An idiom (or, idiomatic expression) is an expression whose meaning is not easily understood based on its words alone.
So, if English is not your first language, you should not be upset if you find yourself stumped when you hear something you suspect is an expression - especially if it's an idiomatic expression.
2 Layers of Meaning
Idioms have two layers of meaning. To decipher an idiom, you must recognize and understand the meaning of both layers.
The initial, basic meaning of the idiom, based on the words used, and what they mean in a literal sense.
The underlying message, lesson or advice offered by the idiom; the meaning of the overall expression, in a broader sense.
Here's an example of the analysis WhiteSmoke will provide weekly in its English Expressions blog series!
Put the cart before the horse.
At first glance, this idiom might not even register as anything out of the ordinary. Yet, the advice given actually makes little sense – horses should be placed before carts, not the other way around. The idiom suggests the reverse of how things should be.
Reverse the natural order of things. Try something new. Be innovative.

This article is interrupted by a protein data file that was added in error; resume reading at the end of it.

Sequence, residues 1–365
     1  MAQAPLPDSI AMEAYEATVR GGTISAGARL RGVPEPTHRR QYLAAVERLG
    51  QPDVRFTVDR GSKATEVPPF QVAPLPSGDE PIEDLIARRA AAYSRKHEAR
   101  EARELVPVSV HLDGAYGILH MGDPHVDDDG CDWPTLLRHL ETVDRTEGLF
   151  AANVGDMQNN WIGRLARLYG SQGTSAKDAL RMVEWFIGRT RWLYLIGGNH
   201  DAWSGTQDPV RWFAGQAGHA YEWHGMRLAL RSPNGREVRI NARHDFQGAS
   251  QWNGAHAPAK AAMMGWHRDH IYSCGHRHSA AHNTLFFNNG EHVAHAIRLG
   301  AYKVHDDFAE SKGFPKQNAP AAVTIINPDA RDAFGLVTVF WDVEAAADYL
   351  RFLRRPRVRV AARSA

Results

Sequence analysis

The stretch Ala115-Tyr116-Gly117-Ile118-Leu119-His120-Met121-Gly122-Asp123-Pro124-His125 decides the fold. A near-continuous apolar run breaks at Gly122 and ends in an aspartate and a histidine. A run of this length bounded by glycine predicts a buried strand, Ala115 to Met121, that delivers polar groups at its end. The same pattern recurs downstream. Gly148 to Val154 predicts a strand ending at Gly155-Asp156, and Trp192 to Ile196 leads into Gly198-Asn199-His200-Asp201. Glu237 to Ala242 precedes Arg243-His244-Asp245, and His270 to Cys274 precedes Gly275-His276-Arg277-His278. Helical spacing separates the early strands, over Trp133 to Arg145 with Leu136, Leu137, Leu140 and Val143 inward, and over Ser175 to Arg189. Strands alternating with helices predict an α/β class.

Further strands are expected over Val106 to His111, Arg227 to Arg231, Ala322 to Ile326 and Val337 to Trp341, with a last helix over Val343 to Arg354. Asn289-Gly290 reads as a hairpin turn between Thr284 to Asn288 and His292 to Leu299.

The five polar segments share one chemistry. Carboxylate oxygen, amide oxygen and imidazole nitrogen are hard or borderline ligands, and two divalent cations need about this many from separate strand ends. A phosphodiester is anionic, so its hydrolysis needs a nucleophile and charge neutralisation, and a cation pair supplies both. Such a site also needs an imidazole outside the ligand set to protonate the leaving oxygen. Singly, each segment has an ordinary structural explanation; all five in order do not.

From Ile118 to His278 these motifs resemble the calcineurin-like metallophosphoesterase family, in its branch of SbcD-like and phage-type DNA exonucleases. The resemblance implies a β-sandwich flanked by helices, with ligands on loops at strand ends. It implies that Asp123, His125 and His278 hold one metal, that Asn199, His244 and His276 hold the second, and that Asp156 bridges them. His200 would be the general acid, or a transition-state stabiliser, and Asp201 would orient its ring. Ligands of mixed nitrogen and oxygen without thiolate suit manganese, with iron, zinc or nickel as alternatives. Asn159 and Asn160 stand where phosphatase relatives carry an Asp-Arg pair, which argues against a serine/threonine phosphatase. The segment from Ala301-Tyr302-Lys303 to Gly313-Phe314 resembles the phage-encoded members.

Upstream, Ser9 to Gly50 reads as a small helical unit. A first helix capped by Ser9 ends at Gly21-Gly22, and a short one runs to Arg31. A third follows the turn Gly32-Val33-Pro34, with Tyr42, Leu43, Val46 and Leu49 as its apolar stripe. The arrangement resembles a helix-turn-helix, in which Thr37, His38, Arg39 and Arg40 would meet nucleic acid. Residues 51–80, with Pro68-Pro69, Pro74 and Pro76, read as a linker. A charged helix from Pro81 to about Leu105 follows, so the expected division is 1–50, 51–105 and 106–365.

Lost in Translation
Idioms, like expressions, often don’t translate into other languages. That's why WhiteSmoke is here to help!
Of course it’s possible to have a literal translation of the words in an idiom, but the meaning is often warped or lost once the idiom is removed from its original language. That is because the meaning or messages offered by idioms are often tied to a specific culture (or, a specific language). Of course, it's possible to learn a language without learning idiomatic expressions. So . . .
What's the Point of Idioms?
Learning about English idiomatic expressions will not only expose you to these "life lessons", but it will enrich your command of the English language.
Often, they offer advice or suggestions on better ways in which to live or interact with others. They can be considered "deep" or "life lessons." For this reason, the cryptic nature of idioms contributes to their depth, and significance. Telling someone to simply "think innovatively" might not be as effective as rehearsing the idiom "Put the cart before the horse."
Idioms require a moment of hesitation, to ponder their meaning. Once the underlying message behind an idiom emerges, it causes one to pause and consider the truth behind the saying.
The more familiar with idiomatic expressions you become, the more likely you can incorporate them into your own English writing and/or speech - should you find an appealing situation in which to use one. They are often impressive, and enjoyable to share!